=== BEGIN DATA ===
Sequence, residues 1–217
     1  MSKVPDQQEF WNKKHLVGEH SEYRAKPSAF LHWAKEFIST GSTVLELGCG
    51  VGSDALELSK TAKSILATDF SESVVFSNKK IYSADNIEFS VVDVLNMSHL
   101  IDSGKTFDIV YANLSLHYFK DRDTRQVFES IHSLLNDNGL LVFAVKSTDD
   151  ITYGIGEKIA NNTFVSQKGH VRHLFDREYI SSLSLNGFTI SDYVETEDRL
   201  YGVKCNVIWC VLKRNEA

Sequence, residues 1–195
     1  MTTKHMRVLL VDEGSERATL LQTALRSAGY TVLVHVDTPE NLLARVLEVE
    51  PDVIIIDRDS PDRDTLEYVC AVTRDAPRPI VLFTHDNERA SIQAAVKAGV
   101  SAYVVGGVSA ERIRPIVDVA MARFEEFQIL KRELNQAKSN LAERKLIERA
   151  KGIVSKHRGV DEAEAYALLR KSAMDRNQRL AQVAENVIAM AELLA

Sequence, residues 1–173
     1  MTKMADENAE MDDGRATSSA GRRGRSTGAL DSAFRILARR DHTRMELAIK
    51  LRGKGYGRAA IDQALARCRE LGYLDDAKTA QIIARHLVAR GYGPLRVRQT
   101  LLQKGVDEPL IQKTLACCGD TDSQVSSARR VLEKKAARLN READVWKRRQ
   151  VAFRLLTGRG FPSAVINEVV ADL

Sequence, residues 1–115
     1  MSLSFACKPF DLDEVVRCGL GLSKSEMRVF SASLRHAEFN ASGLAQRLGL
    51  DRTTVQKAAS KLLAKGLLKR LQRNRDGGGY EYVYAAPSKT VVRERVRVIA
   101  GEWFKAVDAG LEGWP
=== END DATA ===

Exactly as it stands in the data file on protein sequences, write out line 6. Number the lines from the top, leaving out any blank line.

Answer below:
   201  YGVKCNVIWC VLKRNEA